Soothsayers just want your money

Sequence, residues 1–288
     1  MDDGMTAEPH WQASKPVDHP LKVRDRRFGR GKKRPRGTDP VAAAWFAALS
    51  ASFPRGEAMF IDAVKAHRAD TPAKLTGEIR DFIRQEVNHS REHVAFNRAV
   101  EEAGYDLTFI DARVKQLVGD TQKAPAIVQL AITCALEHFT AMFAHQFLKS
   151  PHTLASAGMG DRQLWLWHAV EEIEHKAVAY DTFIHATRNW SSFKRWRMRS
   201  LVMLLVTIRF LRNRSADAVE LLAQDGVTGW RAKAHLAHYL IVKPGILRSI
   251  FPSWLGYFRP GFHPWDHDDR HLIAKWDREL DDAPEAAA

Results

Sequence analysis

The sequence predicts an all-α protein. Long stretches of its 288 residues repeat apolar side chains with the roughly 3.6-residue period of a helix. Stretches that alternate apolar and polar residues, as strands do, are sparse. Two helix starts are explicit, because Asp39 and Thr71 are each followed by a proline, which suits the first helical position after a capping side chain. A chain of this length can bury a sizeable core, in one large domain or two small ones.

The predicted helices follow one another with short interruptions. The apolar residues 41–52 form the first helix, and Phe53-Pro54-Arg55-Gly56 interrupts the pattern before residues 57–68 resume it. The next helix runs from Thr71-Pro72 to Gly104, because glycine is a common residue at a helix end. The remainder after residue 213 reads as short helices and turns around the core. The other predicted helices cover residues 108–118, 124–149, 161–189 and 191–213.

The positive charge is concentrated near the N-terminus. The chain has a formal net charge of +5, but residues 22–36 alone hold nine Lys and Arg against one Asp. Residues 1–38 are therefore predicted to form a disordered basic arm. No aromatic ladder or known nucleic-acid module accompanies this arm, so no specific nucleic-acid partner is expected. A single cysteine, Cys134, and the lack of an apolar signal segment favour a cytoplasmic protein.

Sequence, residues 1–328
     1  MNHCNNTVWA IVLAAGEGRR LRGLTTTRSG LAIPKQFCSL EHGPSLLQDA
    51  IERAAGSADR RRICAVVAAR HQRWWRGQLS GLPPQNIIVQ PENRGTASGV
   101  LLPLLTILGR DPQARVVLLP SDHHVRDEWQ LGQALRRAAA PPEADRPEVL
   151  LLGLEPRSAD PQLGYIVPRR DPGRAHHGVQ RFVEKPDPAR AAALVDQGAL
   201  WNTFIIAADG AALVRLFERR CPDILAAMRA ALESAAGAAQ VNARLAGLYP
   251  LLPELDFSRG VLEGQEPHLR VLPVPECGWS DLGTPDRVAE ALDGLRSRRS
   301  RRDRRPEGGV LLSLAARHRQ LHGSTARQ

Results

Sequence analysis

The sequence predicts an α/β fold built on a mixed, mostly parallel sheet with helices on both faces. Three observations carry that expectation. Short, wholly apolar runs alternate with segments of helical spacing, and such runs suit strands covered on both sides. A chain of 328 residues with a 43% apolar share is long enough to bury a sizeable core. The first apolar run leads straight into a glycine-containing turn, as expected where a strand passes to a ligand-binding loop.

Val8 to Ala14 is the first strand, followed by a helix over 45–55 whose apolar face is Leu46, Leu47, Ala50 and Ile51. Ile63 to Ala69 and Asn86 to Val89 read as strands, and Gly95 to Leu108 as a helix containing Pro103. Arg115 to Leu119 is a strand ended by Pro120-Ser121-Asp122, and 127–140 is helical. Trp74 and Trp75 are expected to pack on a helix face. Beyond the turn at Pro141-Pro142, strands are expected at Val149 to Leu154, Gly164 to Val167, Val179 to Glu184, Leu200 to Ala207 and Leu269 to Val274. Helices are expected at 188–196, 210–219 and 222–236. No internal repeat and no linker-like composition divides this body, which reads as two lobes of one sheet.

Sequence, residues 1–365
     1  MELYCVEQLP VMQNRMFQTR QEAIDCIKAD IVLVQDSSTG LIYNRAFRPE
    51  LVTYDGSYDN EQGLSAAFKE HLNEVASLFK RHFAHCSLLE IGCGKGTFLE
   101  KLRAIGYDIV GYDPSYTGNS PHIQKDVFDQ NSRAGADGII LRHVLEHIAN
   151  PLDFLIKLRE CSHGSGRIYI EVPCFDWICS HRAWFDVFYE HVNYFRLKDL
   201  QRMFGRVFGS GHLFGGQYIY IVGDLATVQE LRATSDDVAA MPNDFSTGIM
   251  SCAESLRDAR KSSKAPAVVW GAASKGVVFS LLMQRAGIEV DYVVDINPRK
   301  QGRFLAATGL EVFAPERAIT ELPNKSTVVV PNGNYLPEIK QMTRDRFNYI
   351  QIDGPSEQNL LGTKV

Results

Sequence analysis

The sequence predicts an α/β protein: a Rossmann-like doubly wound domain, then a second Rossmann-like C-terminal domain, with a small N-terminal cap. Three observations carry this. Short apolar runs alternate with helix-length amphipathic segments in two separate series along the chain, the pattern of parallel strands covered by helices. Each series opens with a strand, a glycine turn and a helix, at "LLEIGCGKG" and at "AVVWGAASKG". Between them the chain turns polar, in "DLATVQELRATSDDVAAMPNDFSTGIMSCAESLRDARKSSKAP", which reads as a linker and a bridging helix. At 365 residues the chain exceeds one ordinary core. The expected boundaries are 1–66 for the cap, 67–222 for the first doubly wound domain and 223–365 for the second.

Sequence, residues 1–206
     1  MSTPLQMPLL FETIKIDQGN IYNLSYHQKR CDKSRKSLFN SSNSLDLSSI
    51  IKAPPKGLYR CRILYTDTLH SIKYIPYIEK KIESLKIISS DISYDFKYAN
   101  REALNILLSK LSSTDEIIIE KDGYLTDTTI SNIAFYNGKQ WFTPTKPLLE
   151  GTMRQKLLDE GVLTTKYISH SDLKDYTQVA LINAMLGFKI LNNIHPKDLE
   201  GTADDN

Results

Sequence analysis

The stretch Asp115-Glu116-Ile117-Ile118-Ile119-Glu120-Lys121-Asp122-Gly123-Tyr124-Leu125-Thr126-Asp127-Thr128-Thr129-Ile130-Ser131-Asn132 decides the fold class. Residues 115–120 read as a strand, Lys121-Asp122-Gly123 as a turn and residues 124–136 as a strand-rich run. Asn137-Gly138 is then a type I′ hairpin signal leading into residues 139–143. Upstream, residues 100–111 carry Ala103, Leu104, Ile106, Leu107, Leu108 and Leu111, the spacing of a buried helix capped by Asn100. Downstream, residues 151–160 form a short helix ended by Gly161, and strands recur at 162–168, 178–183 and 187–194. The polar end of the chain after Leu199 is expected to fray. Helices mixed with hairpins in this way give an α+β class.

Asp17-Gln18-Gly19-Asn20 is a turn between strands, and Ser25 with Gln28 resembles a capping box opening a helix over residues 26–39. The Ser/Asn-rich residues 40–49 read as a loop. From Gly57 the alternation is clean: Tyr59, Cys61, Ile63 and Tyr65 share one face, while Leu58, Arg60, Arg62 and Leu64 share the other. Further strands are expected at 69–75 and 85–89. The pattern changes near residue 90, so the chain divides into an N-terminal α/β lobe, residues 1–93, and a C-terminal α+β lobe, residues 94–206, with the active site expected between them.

Chinese people have always believed in fate, said Yan Yunming, but we also believe we can change it. We try to optimize our fortunes by consulting the zodiac and choosing houses or wedding dates with lucky numbers. And now we’re consulting online fortune-tellers. These supposed sages are all over the Chinese internet, and they will even read your fate via WhatsApp or WeChat. Some friends recently encouraged me to try a digital fortune-teller for career advice after I complained of feeling stressed in a new job. I forked over 50 yuan ($7.50) and was told to type in my name, gender, birthday, place of birth, city of residence, and field of work. The “self-proclaimed soothsayer” warned me that, because I was born in the Year of the Dog, I’d have bad luck until 2022. But, he said, there was hope. I was due for an unexpected windfall—and he could tell me all about it if I just paid some extra money. It was obvious this was “a scam.” Online fortune-tellers are preying on the gullibility and superstition of the Chinese. They “fleece people in the name of predicting the future.” China has modernized so rapidly that it’s understandable to feel disoriented. But in seeking comforting answers from strangers, we’re making ourselves easy marks.